Cogs with 4mm spacing between the teeth, about the smallest thats
practical. Below is the rear of the cog showing the dross - which can be
tapped off with a hammer or ground off.
A small cog cut in 8mm steel. The one on the right was cut with a worn
nozzle and electrode but even with new consumables the cut (left) isn't
completely vertical though it still works as a gear!
A good test of accuracy is to cut a square and then a square hole the
same size and see how they fit. The software automatically adjusts for
the width of the kerf but the cut sides taper a bit so the parts never
Holes have to be cut oversize because of the taper. I prefer not to
enlarge the holes with a drill because the sides are quite hard and not
good for drill bits. Also The start of a cut is a bit messy so when
drilled out the holes aren't always exactly centered.
The lack of precision can have have charm
I bought a hand held plasma cutter in the mid 1990s.
Compressed air is swirled round a spiral ‘electrode’ to produce a
focused jet heated by a large spark (roughly 200VDC at 10amps). The heat
ionises the air making it a plasma (the definition of a plasma is an ionised gas).
The plasma is conductive so it can transfer the energy and heat into the steel.
Its an exciting machine, spraying sparks everywhere as
it cuts through steel up to 12mm thick. Its actually much less scary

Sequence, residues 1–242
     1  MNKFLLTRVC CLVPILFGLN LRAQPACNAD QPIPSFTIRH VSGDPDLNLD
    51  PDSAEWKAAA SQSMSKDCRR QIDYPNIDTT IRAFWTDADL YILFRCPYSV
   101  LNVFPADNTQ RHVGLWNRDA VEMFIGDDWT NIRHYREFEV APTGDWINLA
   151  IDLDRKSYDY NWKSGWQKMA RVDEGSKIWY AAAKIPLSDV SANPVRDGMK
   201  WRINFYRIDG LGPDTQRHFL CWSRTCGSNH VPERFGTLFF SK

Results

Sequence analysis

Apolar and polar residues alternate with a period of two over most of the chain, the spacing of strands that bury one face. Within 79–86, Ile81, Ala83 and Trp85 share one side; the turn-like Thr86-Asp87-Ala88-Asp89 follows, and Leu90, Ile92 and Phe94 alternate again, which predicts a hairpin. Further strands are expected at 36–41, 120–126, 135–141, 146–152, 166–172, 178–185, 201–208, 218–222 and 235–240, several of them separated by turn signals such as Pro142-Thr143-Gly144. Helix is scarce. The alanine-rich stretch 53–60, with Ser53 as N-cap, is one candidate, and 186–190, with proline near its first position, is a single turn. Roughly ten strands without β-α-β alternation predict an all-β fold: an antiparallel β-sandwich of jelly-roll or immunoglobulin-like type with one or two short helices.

than an oxyacetylene cutter, which sprays globs of white hot metal about
and uses the potentially explosive mix of oxygen and acetylene. I have
used my plasma cutter a lot, getting good at drawing by hand with it. I
usually draw the design on paper and stick it to the steel with spray
glue. The paper burns a bit but not so badly that the lines can’t be
followed. However I’ve long been intrigued by the idea of a CNC plasma
cutter, which has the potential to cut more accurate and delicate
I've also used quite a few different CO2 laser
cutters, also fun. Cutting acrylic is particularly satisfying because
the edges are so polished and perfect. However, the list of materials
suitable for CO2 laser cutting very limited. Acrylic is weak and cracks
easily and the special laser plywood is horrid stuff. A friend tried
cutting some proper 6mm birch ply with his 60w laser but said it made a